SEC Consult Security Advisory < 20090429-0 >
title: Proxy bypass vulnerability & plain text passwords
in LevelOne AMG-2000
product: LevelOne AMG-2000 Wireless AP Management Gateway
vulnerable version: Firmware <=2.00.00build00600
by: J. Greil / SEC Consult / www.sec-consult.com
"LevelOne was established in 1991 in Dortmund, Germany by Digital Data
Communications GmbH. By providing quality networking products and solutions,
we've grown steadily throughout the years with Branch Offices in 20 countries
around the world."
"AMG-2000 is an AP Management Gateway dedicatedly designed for small to
medium-sized network deployment and management, making it an ideal solution
for easily creating and extending WLANs in SMB offices. With its user
management features, administrators will be able to manage the whole process
of wireless network access. In addition, Access Point (AP) management
functions allow administrators to discover, configure, update, and monitor all
managed APs from a single secured interface, and from there, gain full control
of entire wireless network."
& AMG-2000 Manual v2.0, Jun-13-2007
AMG-2000 uses an internal Squid proxy to restrict access to the wireless LAN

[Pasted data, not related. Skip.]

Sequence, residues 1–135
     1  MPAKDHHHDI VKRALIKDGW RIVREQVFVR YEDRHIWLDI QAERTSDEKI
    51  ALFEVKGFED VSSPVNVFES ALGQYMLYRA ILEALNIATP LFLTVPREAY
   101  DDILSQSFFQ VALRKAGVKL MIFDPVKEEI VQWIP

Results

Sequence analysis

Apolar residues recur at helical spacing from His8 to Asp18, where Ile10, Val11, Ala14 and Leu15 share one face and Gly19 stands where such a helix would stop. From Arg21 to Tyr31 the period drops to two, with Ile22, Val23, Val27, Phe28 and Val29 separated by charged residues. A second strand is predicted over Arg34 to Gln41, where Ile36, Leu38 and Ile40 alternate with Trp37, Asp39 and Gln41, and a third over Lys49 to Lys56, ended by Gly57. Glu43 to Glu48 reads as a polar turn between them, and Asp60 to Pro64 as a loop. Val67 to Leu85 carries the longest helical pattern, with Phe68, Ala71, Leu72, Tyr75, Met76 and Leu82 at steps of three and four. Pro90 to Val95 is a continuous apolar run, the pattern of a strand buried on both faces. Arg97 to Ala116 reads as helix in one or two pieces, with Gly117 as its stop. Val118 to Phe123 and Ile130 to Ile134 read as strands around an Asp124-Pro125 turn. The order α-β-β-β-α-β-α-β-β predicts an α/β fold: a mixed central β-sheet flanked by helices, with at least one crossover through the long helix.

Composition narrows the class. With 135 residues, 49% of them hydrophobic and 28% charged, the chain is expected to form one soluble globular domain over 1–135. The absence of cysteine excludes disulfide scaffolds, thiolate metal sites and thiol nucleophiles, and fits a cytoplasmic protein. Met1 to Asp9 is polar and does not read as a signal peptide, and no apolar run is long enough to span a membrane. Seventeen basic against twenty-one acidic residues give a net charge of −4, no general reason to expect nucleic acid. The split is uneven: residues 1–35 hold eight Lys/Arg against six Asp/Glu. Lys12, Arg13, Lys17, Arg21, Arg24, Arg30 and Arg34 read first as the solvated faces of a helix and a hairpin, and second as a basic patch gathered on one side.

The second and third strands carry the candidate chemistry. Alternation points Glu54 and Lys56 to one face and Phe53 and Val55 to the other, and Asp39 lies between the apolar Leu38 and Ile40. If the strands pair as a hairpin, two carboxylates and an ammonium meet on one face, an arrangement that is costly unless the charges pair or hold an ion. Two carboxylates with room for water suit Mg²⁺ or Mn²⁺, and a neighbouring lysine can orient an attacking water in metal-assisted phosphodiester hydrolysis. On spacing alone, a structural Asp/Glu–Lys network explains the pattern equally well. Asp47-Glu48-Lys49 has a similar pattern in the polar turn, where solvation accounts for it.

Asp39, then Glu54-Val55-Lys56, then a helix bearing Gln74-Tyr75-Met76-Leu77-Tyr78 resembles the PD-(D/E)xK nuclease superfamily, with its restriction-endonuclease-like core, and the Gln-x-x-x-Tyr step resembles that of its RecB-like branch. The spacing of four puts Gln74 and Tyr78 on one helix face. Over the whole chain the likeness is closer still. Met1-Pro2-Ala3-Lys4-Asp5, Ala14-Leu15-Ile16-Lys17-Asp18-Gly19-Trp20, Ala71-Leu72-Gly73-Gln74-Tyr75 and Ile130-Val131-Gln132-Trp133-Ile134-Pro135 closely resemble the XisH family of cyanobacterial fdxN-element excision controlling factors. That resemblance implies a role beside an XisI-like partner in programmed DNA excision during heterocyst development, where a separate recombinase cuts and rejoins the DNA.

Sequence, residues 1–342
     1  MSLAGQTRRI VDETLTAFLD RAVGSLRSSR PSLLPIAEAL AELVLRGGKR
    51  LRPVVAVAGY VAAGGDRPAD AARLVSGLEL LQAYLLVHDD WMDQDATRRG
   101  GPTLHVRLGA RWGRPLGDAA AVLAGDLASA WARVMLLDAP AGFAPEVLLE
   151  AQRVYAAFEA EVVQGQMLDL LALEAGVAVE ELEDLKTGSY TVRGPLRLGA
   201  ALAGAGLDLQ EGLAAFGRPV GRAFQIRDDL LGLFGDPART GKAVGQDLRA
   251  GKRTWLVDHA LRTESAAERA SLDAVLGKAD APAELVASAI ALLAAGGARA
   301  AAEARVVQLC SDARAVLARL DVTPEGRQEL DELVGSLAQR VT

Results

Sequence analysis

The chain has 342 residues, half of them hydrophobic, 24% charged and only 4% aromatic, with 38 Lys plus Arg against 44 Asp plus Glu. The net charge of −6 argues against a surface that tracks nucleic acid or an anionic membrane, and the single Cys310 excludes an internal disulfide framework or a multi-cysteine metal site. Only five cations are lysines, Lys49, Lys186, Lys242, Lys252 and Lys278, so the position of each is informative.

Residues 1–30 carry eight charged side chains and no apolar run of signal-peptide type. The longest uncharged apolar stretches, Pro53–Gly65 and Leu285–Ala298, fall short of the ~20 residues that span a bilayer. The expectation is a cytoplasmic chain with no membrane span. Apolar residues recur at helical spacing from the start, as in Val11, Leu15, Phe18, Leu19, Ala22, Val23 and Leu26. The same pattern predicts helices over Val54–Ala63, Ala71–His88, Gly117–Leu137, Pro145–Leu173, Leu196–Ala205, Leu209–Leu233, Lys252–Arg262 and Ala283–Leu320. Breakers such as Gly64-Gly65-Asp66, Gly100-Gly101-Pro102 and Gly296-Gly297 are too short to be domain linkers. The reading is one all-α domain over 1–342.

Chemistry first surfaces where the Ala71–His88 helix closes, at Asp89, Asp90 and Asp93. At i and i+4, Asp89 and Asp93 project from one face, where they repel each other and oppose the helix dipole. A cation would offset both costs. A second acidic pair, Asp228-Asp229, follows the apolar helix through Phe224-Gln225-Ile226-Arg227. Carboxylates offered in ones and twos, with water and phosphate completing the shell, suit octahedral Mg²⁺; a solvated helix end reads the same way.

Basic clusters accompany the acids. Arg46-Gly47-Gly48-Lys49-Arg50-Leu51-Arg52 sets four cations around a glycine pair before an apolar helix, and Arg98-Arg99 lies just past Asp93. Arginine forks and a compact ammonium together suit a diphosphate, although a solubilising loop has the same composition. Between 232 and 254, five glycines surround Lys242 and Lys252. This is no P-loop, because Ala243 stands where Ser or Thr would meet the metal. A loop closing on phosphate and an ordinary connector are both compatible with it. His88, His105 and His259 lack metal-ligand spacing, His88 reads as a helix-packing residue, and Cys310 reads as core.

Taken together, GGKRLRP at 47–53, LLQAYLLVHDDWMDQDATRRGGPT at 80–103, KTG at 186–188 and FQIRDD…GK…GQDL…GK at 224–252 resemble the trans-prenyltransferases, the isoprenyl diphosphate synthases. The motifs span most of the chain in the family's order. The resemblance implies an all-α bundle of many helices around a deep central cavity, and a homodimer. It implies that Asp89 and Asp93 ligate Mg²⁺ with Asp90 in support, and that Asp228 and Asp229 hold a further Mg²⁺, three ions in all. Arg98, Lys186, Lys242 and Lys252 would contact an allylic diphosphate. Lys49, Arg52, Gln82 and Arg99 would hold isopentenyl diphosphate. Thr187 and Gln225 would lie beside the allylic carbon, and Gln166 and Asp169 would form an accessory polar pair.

or Internet, e.g. by supplying a username/password on the portal site (depends
on how the system is configured, e.g. on-demand "guest" users or
authentication via RADIUS, LDAP or NT domain). This built-in proxy is
misconfigured which leads to the following vulnerability:
1) An _authenticated_ WLAN guest user/attacker is able to access the
restricted administration interface of the AMG-2000 with specially crafted
HTTP requests. Furthermore an attacker is able to access the internal company
network over the wireless network!
2) The administration interface shows the passwords of all locally configured
users (e.g. on-demand/guest users) and other sensitive settings in plain text.
1) An attacker is able to access the administration interface from the WLAN by
manipulating the "Host:" header and Request-URI in the HTTP GET request to the
proxy server running on the AMG-2000. It is possible to specify arbitrary IP
addresses (such as 127.0.0.1 or IPs from the internal network of the
management "private LAN" port) which an attacker is then able to access. The
squid proxy runs on port 2128 by default on the AMG-2000.
2) All passwords from local user accounts, such as on-demand guest users, are
shown in plain text in the admin interface (e.g. also see manual screenshots).
An attacker may gain access to the interface through weak default passwords
that have been forgotten to be changed.
The configured users are e.g. accessible/manageable via the default system
accounts "operator" (pw: operator, on-demand users only) or "manager" (pw:
manager, access to the whole user authentication area), hence an attacker
doesn't necessarily need the admin password.
An attacker may exploit those accounts to gain further access to the system
and surf on the Internet on behalf of other users (e.g. ones without a time
restriction) or create arbitrary WLAN users for later access.
Proof of concept:
* Example IP address of the AMG-2000 gateway: 192.168.0.1